The background to this increased contestation is the rampant inequality in both the suburbs, or banlieux, and the rural areas outside the global cities, the worsening of air pollution within the cities which has brought the Greens to power in many of them including Marseille, Bordeaux and Lyon, and the continued decline of small shopkeepers exacerbated by the COVID crisis. The country is known for its recalcitrant and battling working class and for the proclivity of its citizens to take to the streets to contest injustice, as was seen in the breaking of the COVID restrictions Saturday to protest against what the French are calling “liberticide,” the stripping away and systematic destruction of their rights, their liberté.

Macron, the Rothschild banker who came to power in 2017, was elected as a defender of liberties and bulwark against Marine Le Pen and the far-right National Front. Once in power, he began a merciless Reagan-Thatcher type neoliberal attack on working people, attempting to tame the French railroad unions by privatizing the railways, continuing to make it easier for employers to fire workers, and attacking the safeguards built up over years in the French pension system, all of which provoked massive resistance and protest.

He presented himself as an ally of the environmentalists, but the Green Party turned against LREM and instead made alliances with the often divided parties of the left in several major cities to win this year’s municipal elections. Since that moment, Macron, recognizing that the left is no longer amenable to his message, has tilted not only right toward the Republicans but also increasingly to the far right, setting himself up to take votes from both in his 2022 bid for reelection.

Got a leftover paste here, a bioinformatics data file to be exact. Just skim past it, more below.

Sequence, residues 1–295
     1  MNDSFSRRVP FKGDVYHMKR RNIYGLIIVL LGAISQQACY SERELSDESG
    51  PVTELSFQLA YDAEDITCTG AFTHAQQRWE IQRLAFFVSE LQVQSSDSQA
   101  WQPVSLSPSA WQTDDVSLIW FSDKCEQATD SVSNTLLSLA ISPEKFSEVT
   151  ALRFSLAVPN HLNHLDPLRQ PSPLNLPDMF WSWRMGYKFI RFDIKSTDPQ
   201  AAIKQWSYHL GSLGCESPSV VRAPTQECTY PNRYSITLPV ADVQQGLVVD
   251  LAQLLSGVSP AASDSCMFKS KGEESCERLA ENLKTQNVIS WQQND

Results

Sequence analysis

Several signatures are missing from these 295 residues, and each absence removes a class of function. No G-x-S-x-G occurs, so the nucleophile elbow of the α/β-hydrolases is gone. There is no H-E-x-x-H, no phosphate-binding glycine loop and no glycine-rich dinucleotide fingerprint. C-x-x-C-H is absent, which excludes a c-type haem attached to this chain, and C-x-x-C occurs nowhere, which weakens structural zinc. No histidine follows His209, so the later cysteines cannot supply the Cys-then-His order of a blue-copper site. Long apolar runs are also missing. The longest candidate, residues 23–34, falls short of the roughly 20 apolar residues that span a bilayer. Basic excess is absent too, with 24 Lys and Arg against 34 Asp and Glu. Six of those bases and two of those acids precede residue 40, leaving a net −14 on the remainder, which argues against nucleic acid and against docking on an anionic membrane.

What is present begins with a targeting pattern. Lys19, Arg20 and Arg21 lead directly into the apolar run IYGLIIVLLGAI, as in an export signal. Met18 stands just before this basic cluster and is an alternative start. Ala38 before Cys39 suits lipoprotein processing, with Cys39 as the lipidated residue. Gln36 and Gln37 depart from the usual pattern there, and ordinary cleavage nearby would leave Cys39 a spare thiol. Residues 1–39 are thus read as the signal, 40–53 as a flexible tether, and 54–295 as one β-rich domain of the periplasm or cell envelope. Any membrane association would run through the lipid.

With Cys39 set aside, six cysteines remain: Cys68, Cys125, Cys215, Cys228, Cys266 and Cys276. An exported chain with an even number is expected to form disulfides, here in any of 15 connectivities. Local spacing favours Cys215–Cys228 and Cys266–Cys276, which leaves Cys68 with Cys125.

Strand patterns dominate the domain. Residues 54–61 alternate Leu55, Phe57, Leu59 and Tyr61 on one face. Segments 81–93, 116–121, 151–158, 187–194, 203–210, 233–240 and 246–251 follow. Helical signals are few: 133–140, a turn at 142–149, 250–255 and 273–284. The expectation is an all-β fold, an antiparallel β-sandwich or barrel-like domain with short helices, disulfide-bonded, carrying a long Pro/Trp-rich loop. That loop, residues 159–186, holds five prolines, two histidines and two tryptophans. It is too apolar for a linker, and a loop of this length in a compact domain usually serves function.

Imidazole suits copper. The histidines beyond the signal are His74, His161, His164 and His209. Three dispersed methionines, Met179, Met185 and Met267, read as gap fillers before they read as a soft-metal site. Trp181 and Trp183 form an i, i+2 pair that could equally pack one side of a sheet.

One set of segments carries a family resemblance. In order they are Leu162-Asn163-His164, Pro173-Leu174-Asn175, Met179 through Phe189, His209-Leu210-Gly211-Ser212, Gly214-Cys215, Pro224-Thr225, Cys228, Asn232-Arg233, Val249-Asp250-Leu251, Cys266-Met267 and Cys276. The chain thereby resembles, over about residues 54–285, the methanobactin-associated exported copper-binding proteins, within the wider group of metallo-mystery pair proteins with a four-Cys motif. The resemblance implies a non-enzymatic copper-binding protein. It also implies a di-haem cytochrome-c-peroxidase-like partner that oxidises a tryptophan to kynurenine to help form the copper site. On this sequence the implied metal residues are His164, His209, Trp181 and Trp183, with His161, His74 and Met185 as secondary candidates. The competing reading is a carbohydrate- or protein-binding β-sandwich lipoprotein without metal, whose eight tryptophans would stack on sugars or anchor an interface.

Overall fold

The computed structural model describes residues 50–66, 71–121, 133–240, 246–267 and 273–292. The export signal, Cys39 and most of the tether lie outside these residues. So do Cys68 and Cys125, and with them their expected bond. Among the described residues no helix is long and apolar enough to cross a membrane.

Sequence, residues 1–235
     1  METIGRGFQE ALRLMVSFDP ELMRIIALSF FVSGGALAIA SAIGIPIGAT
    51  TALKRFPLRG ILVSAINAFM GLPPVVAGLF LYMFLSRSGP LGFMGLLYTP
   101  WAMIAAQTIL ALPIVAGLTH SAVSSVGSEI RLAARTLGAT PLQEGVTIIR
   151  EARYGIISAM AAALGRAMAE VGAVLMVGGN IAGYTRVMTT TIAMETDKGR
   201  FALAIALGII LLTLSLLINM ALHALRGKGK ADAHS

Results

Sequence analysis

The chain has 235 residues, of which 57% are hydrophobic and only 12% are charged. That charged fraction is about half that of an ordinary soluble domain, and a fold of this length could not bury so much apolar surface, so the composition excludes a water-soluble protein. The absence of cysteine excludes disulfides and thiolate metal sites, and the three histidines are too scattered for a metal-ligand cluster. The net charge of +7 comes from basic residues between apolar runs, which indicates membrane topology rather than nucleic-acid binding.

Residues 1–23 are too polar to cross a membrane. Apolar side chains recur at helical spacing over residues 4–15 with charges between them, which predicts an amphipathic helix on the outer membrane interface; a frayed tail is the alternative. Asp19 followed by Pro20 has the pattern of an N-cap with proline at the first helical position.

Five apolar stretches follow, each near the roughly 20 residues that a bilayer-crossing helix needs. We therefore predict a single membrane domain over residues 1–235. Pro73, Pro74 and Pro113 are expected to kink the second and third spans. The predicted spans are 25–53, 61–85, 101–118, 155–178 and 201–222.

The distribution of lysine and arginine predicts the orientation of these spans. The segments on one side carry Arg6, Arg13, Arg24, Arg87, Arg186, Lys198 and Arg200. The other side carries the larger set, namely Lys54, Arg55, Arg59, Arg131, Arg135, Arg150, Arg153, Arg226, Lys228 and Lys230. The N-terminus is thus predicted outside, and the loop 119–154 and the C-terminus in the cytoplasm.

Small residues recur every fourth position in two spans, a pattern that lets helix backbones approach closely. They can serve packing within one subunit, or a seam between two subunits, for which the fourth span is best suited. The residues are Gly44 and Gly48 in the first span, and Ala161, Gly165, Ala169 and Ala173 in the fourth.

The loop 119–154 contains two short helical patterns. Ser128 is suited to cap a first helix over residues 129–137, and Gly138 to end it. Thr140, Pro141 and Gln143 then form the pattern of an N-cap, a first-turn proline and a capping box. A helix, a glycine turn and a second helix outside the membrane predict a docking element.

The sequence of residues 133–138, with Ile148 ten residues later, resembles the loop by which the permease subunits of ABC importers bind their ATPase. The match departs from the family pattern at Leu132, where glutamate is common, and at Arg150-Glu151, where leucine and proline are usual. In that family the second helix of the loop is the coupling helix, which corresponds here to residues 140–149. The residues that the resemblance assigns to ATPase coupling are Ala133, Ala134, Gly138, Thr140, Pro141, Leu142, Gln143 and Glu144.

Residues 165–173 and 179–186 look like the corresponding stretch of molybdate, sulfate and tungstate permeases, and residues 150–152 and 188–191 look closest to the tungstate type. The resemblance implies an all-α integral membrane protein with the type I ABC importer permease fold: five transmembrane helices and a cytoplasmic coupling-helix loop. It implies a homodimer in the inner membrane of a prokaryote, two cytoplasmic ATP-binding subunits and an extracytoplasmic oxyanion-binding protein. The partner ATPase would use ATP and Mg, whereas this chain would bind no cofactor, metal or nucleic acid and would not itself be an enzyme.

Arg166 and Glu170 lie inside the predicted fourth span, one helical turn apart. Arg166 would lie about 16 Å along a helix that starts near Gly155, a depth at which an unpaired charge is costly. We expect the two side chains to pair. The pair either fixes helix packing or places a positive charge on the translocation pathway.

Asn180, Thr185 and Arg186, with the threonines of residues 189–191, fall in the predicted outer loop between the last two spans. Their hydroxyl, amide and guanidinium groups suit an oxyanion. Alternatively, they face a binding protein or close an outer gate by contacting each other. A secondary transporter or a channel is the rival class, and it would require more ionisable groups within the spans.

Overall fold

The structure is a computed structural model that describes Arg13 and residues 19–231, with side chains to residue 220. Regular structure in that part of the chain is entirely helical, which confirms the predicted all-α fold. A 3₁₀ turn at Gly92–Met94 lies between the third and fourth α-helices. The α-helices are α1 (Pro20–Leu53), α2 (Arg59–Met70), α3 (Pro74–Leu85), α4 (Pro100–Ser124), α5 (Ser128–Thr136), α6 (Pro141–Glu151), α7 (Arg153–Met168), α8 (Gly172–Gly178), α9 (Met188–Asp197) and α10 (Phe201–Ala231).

The Global Security Law is part of that right and far-right tilt, and it remains to be seen whether the majority of the French population will accept this trampling of the Enlightenment values of free speech and liberty of expression. Currently, four court cases hinge on citizen recordings of police violence, and if that right is denied, there will be few safeguards on a police force let loose on the populace.

 

Dennis Broe is a television, film, and culture critic. His criticism appears in Morning Star, People’s World; Culture Matters, Crime Fiction Lover, and is on the Pacifica Network in the U.S., and on Breaking Glass on Art District Radio in ParisHis books include Birth of the Binge: Serial TV and The End of Leisure and his novel Left of Eden about the Hollywood Blacklist. Broe taught in the Master’s Program in Film and Television Studies at the Sorbonne, Paris.‚Äč